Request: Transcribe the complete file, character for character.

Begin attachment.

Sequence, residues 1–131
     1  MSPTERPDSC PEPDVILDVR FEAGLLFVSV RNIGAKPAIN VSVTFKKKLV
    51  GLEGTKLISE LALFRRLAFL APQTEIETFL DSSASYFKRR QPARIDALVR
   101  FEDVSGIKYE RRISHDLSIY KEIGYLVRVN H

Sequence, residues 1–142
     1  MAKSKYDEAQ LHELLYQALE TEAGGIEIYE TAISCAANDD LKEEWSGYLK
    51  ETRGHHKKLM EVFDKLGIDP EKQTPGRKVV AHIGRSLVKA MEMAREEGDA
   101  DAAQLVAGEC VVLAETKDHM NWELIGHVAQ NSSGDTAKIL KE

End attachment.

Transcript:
Sequence, residues 1–131
     1  MSPTERPDSC PEPDVILDVR FEAGLLFVSV RNIGAKPAIN VSVTFKKKLV
    51  GLEGTKLISE LALFRRLAFL APQTEIETFL DSSASYFKRR QPARIDALVR
   101  FEDVSGIKYE RRISHDLSIY KEIGYLVRVN H

Sequence, residues 1–142
     1  MAKSKYDEAQ LHELLYQALE TEAGGIEIYE TAISCAANDD LKEEWSGYLK
    51  ETRGHHKKLM EVFDKLGIDP EKQTPGRKVV AHIGRSLVKA MEMAREEGDA
   101  DAAQLVAGEC VVLAETKDHM NWELIGHVAQ NSSGDTAKIL KE